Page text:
Europe's new GDPR data privacy law was introduced on May 25 to combat how technology giants like Alphabet's Google and Facebook gather and handle personal information.
Continental is concerned that it could be exposed to the new law as, in the German firm's opinion, responsibility for compliance has been shifted towards app users. It said that to meet GDPR requirements, a user of the messenger platforms would have to contact everyone in their contact list.
"The risks this poses in terms of data protection are not ones the company is willing to take," it added.
Describing data as an "obligation," Continental CEO Dr. Elmar Degenhart called on tech firms to make it easier for users to comply with the new rules.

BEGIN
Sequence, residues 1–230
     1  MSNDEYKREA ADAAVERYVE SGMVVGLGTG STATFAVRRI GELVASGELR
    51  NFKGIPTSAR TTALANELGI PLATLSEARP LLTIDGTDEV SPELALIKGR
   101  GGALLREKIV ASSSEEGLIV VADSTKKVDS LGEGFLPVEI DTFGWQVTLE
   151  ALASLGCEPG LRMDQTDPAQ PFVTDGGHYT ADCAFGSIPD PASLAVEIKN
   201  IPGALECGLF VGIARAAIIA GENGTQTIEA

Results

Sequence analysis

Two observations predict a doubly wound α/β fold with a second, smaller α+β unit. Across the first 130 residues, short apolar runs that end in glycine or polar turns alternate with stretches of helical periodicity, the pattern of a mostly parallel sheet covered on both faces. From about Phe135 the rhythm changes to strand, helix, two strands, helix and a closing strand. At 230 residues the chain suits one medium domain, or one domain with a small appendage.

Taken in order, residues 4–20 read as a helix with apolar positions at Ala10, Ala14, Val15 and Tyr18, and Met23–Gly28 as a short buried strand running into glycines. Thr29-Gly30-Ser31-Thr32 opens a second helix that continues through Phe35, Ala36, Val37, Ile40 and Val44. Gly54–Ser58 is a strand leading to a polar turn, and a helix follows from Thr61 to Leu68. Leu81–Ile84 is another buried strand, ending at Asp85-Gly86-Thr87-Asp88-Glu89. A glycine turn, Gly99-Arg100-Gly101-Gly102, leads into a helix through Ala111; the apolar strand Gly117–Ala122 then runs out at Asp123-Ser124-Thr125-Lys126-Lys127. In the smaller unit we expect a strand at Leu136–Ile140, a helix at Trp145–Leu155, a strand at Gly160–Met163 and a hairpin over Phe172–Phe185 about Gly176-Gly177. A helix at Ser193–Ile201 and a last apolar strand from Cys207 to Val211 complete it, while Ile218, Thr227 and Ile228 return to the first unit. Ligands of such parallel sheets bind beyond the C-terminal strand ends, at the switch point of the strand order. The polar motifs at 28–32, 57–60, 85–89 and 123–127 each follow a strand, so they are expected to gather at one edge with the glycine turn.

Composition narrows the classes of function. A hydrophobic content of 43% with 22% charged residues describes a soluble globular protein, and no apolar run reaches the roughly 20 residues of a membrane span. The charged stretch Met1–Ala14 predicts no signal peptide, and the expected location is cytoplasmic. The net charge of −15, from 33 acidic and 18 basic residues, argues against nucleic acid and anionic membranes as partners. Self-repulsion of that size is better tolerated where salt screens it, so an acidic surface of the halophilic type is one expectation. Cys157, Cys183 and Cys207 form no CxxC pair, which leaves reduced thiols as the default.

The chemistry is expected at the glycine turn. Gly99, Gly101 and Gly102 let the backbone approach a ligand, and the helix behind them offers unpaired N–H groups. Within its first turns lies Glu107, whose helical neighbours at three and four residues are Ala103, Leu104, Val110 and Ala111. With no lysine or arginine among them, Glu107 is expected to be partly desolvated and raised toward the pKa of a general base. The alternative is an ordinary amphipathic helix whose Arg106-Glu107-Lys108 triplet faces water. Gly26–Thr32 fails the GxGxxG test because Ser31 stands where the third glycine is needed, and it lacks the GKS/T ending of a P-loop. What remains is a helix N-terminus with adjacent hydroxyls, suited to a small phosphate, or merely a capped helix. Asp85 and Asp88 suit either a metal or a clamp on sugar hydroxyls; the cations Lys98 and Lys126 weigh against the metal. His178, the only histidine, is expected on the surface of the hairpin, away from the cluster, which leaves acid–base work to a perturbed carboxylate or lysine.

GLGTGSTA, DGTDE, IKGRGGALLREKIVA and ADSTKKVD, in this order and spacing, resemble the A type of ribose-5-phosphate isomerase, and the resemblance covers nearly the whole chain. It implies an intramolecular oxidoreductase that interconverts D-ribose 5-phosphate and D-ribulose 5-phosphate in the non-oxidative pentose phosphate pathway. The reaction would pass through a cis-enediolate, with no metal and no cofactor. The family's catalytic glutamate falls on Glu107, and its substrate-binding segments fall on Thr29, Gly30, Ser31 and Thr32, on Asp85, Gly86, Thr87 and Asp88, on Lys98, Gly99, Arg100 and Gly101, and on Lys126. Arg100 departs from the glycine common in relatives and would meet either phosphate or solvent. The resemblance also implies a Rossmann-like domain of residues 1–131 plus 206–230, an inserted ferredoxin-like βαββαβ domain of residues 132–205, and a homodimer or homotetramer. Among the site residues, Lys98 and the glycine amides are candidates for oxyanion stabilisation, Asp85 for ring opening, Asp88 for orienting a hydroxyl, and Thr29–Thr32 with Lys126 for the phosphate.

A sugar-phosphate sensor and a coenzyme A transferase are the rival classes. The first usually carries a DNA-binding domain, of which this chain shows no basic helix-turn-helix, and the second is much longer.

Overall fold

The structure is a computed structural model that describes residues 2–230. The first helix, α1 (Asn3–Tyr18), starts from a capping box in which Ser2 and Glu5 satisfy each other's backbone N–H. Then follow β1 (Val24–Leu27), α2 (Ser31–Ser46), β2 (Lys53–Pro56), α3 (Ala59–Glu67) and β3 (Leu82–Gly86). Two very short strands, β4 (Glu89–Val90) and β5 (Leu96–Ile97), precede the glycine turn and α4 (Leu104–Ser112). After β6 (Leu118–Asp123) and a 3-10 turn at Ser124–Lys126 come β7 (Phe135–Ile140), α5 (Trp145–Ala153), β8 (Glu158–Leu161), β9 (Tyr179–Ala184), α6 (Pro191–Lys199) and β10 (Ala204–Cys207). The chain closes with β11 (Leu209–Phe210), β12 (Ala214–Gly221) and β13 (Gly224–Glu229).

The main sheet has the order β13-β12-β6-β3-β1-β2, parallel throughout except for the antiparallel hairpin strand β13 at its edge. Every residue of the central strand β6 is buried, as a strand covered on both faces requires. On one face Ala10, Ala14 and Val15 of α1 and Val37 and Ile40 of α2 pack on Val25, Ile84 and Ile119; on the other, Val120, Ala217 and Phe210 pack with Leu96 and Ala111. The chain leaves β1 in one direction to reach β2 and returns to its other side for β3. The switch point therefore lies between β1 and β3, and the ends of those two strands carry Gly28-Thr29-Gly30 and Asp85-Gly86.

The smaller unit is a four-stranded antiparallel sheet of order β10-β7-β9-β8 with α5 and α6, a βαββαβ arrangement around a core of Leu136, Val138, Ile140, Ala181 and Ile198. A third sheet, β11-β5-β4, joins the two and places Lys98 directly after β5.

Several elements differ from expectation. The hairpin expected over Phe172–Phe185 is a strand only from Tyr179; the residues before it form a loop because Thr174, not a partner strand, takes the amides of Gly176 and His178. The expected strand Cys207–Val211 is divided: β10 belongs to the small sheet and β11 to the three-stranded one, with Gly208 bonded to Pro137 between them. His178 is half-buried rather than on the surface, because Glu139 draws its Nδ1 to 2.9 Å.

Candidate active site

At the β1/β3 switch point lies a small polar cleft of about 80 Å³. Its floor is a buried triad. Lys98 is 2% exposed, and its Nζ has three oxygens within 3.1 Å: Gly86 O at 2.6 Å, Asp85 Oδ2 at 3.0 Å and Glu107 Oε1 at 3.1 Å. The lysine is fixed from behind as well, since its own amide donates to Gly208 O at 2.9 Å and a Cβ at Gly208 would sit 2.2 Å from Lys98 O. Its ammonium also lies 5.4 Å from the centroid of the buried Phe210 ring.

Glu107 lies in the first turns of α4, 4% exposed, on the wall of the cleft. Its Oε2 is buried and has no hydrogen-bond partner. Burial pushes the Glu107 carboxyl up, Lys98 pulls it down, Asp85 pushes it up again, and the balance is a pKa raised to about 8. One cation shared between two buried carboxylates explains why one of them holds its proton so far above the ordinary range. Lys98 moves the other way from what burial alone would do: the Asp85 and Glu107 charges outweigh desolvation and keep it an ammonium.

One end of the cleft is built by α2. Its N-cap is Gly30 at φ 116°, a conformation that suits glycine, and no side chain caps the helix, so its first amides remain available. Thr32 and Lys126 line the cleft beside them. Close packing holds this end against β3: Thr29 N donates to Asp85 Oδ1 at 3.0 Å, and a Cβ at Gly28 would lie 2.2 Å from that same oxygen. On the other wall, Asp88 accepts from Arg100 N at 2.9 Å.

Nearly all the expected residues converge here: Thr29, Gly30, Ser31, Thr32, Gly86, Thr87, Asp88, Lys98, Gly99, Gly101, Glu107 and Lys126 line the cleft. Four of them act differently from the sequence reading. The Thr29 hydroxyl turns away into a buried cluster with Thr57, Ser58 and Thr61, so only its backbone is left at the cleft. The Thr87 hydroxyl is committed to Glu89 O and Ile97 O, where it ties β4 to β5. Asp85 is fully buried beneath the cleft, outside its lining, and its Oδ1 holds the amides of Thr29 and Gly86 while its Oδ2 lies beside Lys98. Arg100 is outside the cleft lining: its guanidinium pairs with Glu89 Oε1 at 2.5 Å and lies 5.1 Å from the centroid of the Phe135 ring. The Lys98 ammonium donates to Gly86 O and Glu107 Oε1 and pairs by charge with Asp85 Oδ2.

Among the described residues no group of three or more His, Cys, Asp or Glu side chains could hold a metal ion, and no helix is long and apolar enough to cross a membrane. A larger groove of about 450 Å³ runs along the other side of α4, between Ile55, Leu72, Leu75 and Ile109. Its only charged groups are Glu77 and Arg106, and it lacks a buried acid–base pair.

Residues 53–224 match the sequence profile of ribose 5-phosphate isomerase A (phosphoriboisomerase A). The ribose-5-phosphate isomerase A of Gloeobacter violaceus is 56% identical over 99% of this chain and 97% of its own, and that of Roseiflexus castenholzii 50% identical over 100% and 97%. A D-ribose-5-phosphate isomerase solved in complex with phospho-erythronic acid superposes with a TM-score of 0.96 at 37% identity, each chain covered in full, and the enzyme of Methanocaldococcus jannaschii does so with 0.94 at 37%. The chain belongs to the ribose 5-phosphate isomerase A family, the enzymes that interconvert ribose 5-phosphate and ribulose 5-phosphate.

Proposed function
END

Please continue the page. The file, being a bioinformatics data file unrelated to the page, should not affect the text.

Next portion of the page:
In response, Snap Inc said Continental is wrong to suggest that GDPR shifts the compliance burden on to an app user.
In an email to CNBC, the messaging service said it was "completely up to the user whether they wish to grant access to contacts in Snapchat" and any uploaded data can be deleted at any time.
Snap Inc added that it doesn't store non-user contacts.